September 18, 2020

Management plan [St Croix] for invasive lionfish open for public comment

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lionfishBy Joy Blackburn From Virgin Islands Daily News

ST. CROIX – Several years after the predatory, invasive Pacific lionfish showed up in territorial waters, a task force of federal agencies has developed a draft National Invasive Lionfish Prevention and Management Plan that is available for public comment.

Members of the public can comment on the draft plan through Jan. 26.

“We do know if we work in a more direct way, we may be able to help address the impact in specific areas – for instance protected areas – throughout the entire region,” said , the National Oceanic and Atmospheric Administration liaison to the Aquatic Nuisance Species Task Force.

The invasive Pacific lionfish is known to be present in the Atlantic waters off the U.S. East Coast and the Gulf of Mexico, as well as in the Caribbean.

The Aquatic Nuisance Species Task Force – an organization comprising representatives from different federal agencies dedicated to preventing and controlling aquatic nuisance species – developed the plan.

The non-native lionfish – which has a voracious appetite and no natural predators in the Caribbean – has the potential to wreak havoc on fisheries and reefs.

Brady said the task force expects to get quite a few comments on the draft plan from the public.

Once the comments are compiled, the plan will be finalized.

The plan includes the goals of preventing the spread of invasive lionfish; early detection and rapid response; controlling and managing the species; assessing the impact of the invasion; and evaluating future needs and education.

In the territory, the first reported lionfish sightings were in 2008 in waters off St. Croix, followed by the first captures in 2009. Lionfish soon began to appear in waters off St. Thomas and St. John as well.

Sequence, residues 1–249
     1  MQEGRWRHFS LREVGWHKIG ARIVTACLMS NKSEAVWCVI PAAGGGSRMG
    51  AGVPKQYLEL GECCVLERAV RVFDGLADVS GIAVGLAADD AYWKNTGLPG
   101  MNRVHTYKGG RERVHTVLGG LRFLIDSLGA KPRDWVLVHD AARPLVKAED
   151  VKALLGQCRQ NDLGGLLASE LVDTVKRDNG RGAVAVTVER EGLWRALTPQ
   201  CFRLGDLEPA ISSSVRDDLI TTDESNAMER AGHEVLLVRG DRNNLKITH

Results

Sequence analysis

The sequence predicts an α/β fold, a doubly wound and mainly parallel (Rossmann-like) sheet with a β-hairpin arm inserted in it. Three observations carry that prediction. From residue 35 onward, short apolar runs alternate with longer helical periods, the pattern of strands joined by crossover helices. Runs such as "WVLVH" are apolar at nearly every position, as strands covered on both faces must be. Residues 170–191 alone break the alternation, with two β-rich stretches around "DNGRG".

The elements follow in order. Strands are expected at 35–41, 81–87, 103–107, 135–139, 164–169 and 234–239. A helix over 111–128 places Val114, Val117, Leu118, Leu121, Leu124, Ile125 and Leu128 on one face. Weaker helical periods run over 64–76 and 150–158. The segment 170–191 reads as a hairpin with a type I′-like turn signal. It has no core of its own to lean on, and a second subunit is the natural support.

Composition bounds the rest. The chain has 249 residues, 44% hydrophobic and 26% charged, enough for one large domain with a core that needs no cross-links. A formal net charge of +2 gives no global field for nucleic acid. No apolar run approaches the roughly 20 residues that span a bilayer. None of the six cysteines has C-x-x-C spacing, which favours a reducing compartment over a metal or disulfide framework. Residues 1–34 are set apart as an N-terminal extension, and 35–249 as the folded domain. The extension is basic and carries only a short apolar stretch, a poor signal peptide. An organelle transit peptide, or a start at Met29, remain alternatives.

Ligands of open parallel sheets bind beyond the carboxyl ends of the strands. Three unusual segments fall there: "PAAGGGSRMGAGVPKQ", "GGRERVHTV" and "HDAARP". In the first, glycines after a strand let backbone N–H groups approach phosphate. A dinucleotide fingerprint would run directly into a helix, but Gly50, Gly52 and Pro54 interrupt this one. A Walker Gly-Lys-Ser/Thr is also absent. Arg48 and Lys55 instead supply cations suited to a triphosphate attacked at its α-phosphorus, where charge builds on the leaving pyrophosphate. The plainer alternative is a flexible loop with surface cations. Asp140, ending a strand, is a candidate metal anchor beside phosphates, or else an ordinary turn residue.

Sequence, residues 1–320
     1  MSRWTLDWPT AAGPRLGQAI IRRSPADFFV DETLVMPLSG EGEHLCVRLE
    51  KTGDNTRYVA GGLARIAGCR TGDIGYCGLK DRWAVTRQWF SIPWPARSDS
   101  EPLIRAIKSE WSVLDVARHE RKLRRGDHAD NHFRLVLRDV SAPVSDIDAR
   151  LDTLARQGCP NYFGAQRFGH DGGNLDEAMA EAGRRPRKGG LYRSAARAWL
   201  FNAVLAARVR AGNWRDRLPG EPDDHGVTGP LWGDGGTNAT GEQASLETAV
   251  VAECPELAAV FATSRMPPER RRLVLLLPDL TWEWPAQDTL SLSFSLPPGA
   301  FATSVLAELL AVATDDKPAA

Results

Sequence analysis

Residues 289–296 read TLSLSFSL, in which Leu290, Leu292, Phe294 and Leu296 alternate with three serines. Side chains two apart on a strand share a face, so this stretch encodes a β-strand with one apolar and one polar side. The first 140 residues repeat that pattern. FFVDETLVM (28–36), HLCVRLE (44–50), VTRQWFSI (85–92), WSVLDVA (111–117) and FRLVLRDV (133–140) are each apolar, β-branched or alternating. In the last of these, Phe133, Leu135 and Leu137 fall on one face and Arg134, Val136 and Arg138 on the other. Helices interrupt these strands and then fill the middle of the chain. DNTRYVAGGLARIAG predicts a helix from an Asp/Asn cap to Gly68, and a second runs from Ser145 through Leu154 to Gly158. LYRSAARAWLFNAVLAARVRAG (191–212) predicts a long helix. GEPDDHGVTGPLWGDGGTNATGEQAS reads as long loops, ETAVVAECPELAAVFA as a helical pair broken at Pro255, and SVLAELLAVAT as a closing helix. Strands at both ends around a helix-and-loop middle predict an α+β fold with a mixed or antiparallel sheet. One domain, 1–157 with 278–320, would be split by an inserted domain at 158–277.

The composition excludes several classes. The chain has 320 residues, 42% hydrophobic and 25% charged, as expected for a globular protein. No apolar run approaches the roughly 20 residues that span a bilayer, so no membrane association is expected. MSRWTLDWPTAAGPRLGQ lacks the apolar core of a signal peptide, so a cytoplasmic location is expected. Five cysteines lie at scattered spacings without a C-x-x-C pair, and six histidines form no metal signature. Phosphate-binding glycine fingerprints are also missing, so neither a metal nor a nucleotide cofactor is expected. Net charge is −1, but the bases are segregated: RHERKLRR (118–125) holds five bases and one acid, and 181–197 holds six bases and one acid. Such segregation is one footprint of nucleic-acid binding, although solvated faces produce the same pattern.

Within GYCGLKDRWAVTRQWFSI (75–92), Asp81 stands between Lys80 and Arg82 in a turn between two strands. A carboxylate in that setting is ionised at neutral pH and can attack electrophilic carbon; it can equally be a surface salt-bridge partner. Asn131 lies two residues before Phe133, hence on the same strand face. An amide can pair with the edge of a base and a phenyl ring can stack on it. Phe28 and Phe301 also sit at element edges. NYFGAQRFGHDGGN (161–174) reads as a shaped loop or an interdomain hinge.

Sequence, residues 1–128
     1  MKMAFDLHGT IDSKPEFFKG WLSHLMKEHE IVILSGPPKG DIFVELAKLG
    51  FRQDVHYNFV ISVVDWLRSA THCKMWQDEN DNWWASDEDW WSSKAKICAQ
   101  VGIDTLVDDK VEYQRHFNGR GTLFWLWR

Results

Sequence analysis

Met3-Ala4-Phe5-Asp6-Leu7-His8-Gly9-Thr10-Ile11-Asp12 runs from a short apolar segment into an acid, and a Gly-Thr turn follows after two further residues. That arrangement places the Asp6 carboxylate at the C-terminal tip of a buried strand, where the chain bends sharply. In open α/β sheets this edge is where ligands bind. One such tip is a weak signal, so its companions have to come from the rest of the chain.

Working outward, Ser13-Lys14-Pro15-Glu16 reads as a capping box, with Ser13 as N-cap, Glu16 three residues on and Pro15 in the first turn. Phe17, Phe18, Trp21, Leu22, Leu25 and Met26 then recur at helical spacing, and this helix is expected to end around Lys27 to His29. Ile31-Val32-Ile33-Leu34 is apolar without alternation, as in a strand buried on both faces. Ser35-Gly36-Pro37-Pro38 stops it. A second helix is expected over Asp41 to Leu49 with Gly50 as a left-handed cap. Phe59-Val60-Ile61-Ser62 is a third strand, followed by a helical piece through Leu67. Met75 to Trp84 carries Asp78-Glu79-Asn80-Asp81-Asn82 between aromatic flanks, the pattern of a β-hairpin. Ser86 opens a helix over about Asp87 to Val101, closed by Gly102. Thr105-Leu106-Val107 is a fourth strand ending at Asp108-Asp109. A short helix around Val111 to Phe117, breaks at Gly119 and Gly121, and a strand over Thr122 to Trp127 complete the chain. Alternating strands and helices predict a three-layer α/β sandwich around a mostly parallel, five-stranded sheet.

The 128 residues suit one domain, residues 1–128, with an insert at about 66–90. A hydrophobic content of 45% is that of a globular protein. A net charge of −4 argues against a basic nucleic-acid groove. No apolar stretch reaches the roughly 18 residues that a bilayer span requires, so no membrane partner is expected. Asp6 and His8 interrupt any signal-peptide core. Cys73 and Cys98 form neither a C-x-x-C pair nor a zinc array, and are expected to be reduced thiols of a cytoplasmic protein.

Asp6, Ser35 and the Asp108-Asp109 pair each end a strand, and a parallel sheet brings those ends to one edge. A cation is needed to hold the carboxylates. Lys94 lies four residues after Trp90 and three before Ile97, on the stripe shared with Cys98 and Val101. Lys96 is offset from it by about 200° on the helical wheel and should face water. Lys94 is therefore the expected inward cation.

Local dive shops, fishermen, biologists and others banded together and have worked to try to keep the lionfish population in check. A local plan for responding to lionfish was developed, and the nonprofit Caribbean Oceanic Restoration and Education Foundation came about.

Dr. William Coles, the chief of Environmental Education at the V.I. Department of Planning and Natural Resources’ Division of Fish and Wildlife, said that while the territory has a problem with lionfish, he thinks the fact that there was a collaborative effort between a variety of interested people and groups in the territory has helped keep the lionfish population down from where it would have been.

“As near as I can tell, we are doing a lot better than many other areas,” Coles said of the territory. “It is possible to go and dive and swim in the territory without seeing a lionfish. That’s not true in many other countries, because the lionfish has truly taken over.”

He cited the collaborative effort.

“We’re all stewards of this,” he said.

To view the draft National Invasive Lionfish Prevention and Management Plan, go to www.anstaskforce.gov and click on the link.

Comments can be submitted by emailing [email protected] or by mailing them to:

, National Oceanic and Atmospheric Administration, 1315 East West Highway, 3, Room 15719, Silver Spring, Md., 20910.

For more on this story go to: http://virginislandsdailynews.com/news/management-plan-for-invasive-lionfish-open-for-public-comment-1.1807528

 

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